Steaks make a perfect main course for any weeknight or a special occasion. Whatever the occasion might be, choose your favorite cut and learn how to cook steaks in the oven. Making steak in the oven is quick and easy, no grill needed.
I you have about 20 minutes, you can make amazing steaks right at home. Because of how fast and easy it is to make a gorgeous and the best tasting steaks, you can actually make it any day of the week. No need to go out to a fancy restaurant and it doesn’t have to be a special occasion. What makes the steak special above all, is the meat itself. The rest is up to the preparation.
So the first thing to do when planning a steak dinner is to pick your favorite cut of beef. Everyone in my family prefers a different cuts of steak. Some like ribeye, some like NY Strip steak, others prefer a top sirloin steak, and of course, who would ever say no to a perfect filet mignon.
Another thing to consider when selecting steaks is the size. I usually ask my butcher to cut me thicker cuts because a pre-cut steaks at the grocery store tend to be thin. Feel free to ask the butcher in your grocery store’s meat department and most of them will be happy to cut you a new piece to your specifications. Ask for steaks to be equal is size too.
No matter which cut you are choosing, try to pick out the piece with more fine marbling of fat throughout the piece. Marbling is fine lines of fat that runs throughout the meat. More fine marbling means juicier, more tender steaks. (You want more fine marbling and less concentrated chunks of fat.)
Types of Steaks To Choose:
There are many, many cuts of steaks out there but when it comes to a simple cooked steak in the oven or on the grill, go with prime cuts. These steaks are beautiful on their own and don’t require any excessive seasoning or sauces. Simply cook the steak and serve it with your favorite side.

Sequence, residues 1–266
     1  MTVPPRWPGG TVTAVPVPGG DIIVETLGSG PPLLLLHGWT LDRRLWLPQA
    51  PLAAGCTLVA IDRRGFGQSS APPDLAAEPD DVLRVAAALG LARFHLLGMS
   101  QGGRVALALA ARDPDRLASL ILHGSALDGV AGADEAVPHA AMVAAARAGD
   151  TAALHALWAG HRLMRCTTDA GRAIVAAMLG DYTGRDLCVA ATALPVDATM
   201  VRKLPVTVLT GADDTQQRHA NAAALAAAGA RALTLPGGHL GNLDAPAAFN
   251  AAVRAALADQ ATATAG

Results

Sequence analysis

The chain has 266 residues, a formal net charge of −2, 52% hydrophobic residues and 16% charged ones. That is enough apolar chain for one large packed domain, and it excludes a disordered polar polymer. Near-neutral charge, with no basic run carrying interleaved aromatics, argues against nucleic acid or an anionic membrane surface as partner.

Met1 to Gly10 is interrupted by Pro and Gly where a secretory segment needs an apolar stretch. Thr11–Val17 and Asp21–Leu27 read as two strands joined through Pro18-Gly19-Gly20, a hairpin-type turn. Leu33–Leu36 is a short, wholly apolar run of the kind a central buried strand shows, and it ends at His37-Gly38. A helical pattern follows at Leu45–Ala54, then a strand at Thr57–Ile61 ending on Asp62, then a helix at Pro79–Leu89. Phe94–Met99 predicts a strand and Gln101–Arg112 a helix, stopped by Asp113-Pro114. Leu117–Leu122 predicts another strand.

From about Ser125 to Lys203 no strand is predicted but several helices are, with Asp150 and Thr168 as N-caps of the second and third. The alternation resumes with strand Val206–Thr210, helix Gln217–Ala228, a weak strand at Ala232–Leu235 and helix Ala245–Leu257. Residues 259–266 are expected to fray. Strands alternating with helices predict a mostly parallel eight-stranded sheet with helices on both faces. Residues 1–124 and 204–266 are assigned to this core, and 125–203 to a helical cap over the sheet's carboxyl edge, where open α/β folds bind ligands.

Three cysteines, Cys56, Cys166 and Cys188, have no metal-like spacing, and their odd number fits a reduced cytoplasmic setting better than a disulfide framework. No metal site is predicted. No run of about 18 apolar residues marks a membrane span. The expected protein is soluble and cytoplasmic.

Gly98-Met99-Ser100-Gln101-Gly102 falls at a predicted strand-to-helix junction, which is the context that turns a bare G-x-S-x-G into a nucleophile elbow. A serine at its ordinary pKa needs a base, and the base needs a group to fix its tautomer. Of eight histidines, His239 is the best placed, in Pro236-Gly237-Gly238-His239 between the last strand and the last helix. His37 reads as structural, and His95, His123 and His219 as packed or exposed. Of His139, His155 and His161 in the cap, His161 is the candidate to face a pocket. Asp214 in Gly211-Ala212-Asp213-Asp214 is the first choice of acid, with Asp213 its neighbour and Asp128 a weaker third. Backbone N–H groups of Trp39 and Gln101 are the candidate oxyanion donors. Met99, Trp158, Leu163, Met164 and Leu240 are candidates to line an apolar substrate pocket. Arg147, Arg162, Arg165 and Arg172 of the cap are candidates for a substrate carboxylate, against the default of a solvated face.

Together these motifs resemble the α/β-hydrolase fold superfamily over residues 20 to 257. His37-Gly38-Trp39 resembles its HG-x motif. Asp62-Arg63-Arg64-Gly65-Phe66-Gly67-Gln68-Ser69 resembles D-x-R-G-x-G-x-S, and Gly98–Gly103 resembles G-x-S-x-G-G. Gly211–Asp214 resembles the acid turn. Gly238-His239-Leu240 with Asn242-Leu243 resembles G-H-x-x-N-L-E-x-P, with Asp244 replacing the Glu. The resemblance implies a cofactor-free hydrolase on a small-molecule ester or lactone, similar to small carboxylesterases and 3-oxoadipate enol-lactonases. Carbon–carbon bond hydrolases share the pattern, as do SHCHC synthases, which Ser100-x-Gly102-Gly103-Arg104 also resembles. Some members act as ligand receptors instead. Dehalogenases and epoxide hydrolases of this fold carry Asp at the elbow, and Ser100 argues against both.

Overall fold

Ribeye steak – juicy and tender steak that is sliced from the primal rib section. This cut of steak has a great amount of marbling throughout, which makes it tender, juicy, and flavorful. For best tasting steak, you are looking for a lot of fine marbling of fat throughout the slice as opposed to thick fat lines concentrated in certain areas.
Rib steak – is also called bone-in ribeye. It is the same as ribeye but with the rib bone still attached.
Top Sirloin – also known as sirloin, this cut comes from the primal loin section located in the upper middle part of the cow. It’s a flavorful and juicy cut of beef that is as good cooked whole or cut into pieces and cooked as a kebab. This cut of steak is leaner than a ribeye cut and therefore, not quite as tender when cooked. Top sirloin is also much more tender than bottom sirloin so don’t mistake the two.
New York Strip – also knows as strip steak, it’s one of the more tender cuts of beef that comes from the area below the backbone. Same area as other tender cuts like tenderloin, T-Bone, and Porterhouse steaks come from. If you’re familiar with a T-bone steak, strip steak is the larger piece of meat on the side of the T-bone. One side of the T-bone is the strip steak and the other side is the tenderloin.